Things You Can't Say review by JT
Age Range - 8 - 12
Genre - Fiction
Five Star Award

LitPick Review

JT
Age at time of review - 33
Reviewer's Location - Corning, NY, United States
View JT's profile

Things You Can’t Say by Jenn Bishop is a story about a twelve-year old boy named Drew whose father committed suicide when he was nine. It is clear from the beginning that Drew is a kind and thoughtful soul. He feels compelled to accept mature responsibilities around the house, such as preparing dinner, taking care of his six and three-quarters-year old brother and watering the lawn. But like most young people, he keeps his feelings inside. Drew is also learning how to navigate friendships, such as his relationships with his mom, best friend, Felipe, and a new friend, Audrey. Then, an old friend of his mother's comes to visit while motorcycling across country. Drew’s feelings about Phil certainly create conflict in his heart. Should he allow this new person into his life even though he has not accepted his father’s suicide?  Can he reveal his secrets about his father’s death to his new friend, Audrey? The answers to these questions lie in the story, Things You Can’t Say.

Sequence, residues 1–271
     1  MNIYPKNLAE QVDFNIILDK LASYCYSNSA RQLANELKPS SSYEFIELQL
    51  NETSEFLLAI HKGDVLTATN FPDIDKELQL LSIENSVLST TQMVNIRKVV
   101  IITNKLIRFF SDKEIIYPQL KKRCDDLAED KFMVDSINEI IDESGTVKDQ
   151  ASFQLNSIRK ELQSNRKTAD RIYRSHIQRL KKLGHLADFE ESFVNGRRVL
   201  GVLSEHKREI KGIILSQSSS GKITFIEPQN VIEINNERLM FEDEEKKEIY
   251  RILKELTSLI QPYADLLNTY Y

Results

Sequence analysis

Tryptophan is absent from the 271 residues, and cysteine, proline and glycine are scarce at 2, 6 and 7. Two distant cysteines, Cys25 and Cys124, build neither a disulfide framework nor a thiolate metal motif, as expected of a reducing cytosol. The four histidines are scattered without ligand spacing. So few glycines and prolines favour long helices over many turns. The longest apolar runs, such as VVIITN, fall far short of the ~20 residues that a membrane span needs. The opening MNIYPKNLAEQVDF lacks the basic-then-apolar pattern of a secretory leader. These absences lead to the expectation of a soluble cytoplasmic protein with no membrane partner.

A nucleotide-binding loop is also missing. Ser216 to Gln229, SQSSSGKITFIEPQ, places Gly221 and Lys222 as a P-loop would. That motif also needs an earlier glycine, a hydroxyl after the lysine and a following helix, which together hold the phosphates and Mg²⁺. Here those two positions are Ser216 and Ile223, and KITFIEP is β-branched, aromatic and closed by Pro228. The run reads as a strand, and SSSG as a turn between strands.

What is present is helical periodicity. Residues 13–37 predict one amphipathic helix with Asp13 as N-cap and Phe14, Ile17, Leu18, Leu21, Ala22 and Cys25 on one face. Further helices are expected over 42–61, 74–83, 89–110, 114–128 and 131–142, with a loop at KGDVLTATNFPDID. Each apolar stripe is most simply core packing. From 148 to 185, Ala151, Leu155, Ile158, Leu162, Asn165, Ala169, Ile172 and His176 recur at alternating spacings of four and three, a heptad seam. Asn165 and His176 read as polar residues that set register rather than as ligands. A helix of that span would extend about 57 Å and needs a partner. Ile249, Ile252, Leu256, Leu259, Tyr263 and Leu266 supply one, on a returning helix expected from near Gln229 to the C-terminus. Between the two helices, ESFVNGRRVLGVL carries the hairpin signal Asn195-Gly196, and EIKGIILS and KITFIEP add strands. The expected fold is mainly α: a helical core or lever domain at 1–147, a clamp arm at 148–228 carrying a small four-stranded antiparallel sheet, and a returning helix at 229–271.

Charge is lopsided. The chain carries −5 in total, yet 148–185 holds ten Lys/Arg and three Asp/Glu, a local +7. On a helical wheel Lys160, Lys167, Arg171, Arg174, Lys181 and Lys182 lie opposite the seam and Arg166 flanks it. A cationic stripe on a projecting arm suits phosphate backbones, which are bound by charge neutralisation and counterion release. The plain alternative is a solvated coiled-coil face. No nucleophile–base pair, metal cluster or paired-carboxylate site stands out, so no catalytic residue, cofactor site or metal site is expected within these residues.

Opinion: 

You do not have to know of a family member’s death by suicide to relate to this story. This is a story about coming-of-age and how important it is for young people to talk to trusted adults about their feelings. Hopefully, you, the reader, have a family member or teacher, librarian, or coach with whom you can confide, especially during teenage years. That is why this story is so relatable. Drew learns to open his heart to new friends and old, but only after he experiences valuable lessons along the way. 

I would recommend this book to 9-12 year olds who like to read books with characters who develop positive relationships and who like books with heart. This story will leave you feeling like the sun has come out after a cloudy day.

 
Rating:
5
Content Rating:

Content rating - nothing offensive

Explain your content rating: 

There is nothing offensive in the story and is appropriate for intermediate students to read.
KEYWORDS

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